Thinking differently is simple at the World Business Forum

Thinking differently is simple at the World Business Forum
June 2, 2017 Anne Fulwood

2nd June 2017:  In the communications business we challenge ourselves every day to disrupt the normal. We want to be creative and deliver new ideas that will keep our clients ahead of the competition. This felt very prescient at the World Business Forum, which kicked off in Sydney on Wednesday by asking attendees: “Are you ready to live in a state of permanent beta?”

This was echoed in the first presentation of the day, as we were taken back to an early Apple campaign encouraging viewers to ‘Think Different’. Ken Segall, who worked alongside Steve Jobs for many years as the creative director at Apple’s ad agency, based his talk on the concept of simplicity.

He stressed that being simple is difficult but urged the audience to be a “brutal foe” of complexity. If you can’t fit your strategy on a page, he said, you don’t understand it yourself.

If customers feel they’ve had a simple experience, and there’s a sense of flow because the engagement is seamless, they’ll stay with you. This concept was at the heart of Jobs’ obsession with creating an emotional connection between customers and the product. Apple offered a limited choice of products, focusing on design and functionality with a mantra to avoid mediocrity at all costs. Simple! It even extended into Apple’s corporate culture.

Being open to possibility

Our next speaker was Harvard Professor, Rosabeth Moss Kanter. She called on all of us to step away from old structures, physical or metaphorical, and embrace openness. If you open yourself up to other people and ideas, you can build an ecosystem so you no longer work in a silo.

She argued that we can’t afford to go it alone because the fast pace of disruption has made it more important than ever to learn from each other. She argued that business can use “viral principles” to grow markets – start with your early adopters, engage stakeholders across your ecosystem and allow the snowball effect to spread the word.

If it doesn’t work first time, don’t give up – adapt and adopt an “improvisational theatre” approach to give your idea another go.

The fox and the hedgehog

The fox is always on the move – maybe even on the run – sniffing out every opportunity, no matter how small, with eyes and ears always open. The hedgehog moves slowly, generally in one direction, and lacks agility.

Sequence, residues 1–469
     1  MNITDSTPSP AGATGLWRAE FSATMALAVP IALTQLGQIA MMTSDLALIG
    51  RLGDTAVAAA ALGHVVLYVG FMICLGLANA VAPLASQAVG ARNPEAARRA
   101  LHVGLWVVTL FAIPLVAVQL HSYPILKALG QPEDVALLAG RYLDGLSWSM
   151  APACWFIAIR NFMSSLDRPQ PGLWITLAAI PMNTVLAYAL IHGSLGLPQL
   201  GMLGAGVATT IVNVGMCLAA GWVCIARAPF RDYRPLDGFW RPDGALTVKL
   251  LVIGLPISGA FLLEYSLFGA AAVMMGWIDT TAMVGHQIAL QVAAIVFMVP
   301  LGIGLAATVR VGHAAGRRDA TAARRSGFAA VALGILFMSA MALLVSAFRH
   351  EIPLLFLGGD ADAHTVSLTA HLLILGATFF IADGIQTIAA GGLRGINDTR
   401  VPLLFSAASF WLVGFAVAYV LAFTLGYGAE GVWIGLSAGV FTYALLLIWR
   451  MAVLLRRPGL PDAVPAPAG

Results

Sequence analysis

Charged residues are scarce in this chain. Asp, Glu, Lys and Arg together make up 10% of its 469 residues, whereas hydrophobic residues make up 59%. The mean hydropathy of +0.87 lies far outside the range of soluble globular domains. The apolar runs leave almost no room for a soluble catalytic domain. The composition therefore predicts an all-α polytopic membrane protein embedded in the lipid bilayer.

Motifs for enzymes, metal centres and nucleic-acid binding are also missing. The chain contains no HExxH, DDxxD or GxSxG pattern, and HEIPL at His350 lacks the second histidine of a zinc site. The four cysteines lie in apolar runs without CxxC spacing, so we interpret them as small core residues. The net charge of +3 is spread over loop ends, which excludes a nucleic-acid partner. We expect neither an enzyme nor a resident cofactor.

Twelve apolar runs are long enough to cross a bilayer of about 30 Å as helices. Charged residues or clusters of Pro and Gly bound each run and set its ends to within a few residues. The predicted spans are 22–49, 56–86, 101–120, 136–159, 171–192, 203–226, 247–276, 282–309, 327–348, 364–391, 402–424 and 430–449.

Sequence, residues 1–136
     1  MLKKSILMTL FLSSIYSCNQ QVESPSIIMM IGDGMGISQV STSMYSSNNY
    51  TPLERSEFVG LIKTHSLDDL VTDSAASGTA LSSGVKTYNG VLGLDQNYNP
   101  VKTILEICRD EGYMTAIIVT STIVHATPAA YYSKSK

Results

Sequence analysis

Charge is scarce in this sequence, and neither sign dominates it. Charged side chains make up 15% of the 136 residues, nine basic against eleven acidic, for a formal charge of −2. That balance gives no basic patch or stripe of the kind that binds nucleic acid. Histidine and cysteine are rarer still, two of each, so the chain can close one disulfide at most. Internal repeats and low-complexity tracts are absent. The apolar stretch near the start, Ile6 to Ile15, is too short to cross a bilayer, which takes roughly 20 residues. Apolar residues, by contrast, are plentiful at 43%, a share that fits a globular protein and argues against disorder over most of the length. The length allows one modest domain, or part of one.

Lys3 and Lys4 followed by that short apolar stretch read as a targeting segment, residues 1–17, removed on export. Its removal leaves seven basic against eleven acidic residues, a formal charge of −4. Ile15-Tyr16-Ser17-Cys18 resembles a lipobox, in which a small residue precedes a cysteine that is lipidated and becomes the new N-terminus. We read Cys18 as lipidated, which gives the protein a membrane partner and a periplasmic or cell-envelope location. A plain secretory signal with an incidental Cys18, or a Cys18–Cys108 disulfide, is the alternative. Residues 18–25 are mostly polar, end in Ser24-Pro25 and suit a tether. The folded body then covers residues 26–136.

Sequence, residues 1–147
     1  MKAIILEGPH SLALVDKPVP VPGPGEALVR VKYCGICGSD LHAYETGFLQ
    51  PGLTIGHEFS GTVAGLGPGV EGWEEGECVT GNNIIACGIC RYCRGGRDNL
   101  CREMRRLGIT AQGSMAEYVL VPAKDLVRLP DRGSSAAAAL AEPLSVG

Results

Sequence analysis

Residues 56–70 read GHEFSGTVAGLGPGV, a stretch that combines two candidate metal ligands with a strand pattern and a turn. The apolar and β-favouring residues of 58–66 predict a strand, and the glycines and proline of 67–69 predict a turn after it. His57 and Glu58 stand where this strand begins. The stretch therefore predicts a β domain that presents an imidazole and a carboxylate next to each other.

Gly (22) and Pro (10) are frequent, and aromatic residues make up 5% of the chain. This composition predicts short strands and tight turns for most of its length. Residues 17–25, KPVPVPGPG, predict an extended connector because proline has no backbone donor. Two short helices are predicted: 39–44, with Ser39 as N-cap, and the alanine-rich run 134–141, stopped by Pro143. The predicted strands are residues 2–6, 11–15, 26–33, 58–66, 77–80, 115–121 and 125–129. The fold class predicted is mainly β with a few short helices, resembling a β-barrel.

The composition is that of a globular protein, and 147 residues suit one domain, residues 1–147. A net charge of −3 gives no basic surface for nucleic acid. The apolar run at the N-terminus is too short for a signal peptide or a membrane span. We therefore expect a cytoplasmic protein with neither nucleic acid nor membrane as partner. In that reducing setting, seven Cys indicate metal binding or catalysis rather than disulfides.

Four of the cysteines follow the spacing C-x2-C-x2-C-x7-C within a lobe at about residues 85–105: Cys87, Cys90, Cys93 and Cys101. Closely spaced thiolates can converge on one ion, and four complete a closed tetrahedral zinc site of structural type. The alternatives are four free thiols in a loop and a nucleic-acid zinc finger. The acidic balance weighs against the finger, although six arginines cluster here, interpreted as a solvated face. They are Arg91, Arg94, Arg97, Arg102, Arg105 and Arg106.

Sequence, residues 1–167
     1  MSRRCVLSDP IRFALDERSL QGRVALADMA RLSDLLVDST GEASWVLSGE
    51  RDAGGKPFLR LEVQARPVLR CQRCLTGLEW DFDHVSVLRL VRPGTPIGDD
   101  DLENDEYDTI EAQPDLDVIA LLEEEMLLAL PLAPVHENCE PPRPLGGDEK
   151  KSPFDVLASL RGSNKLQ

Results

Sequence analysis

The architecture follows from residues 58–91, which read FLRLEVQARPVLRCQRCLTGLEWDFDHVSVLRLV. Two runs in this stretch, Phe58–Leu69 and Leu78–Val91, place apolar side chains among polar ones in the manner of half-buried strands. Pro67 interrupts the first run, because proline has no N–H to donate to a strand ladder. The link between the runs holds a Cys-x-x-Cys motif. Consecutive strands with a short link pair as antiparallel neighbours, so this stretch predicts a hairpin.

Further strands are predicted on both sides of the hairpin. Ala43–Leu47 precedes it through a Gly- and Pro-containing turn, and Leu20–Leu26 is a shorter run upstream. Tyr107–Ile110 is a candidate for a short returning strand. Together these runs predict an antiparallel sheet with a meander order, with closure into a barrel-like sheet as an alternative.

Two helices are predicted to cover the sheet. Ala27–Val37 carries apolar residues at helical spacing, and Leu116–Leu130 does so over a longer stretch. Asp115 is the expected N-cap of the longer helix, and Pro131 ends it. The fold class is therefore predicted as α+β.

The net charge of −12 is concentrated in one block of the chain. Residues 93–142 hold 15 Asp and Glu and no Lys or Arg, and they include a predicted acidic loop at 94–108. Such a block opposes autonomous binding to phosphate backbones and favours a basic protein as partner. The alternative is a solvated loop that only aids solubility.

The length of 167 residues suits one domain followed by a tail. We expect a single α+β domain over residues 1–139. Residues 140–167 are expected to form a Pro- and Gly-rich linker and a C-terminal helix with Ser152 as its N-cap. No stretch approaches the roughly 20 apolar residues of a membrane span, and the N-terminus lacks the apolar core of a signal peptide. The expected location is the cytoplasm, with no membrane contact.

So no prizes for guessing which one our next speaker advised us to copy. Professor Mohan Sawhney leads innovation and technology for the Kellogg School of Management at Northwestern University in Illinois.

In an environment where change is accelerating, he suggested making lots of small bets, at speed, rather than going “all in” with one big bet. He said big projects slow everyone down and should be broken down into smaller chunks using an agile process that involves skills from across the business. Adopting this culture of “collaborative innovation” enables us to seize on emerging business opportunities.

Sleep on it

The day ended with the wonderful Ariana Huffington, who sold her Huffington Post business to AOL for $US315 million in 2011. She’s since launched Thrive Global to promote health and wellbeing within business leadership.

Ariana’s a self-appointed sleep evangelist, describing stress and tiredness as a global epidemic that costs the US economy $US411 billion in lost productivity every year. Given that people are unable to function effectively when they’re tired, she asked whether it was time to think of sleep as a valuable business metric.

More sleep equals better decisions. The alternative is burnout, which makes it almost impossible to “think differently” and be creative. That struck a chord with this correspondent. After day one of my Ogilvy #Observations, I took Ariana’s advice, disconnected the tech and enjoyed a well-earned sleep.

Written by Anne Fulwood, Media Director Ogilvy Public Relations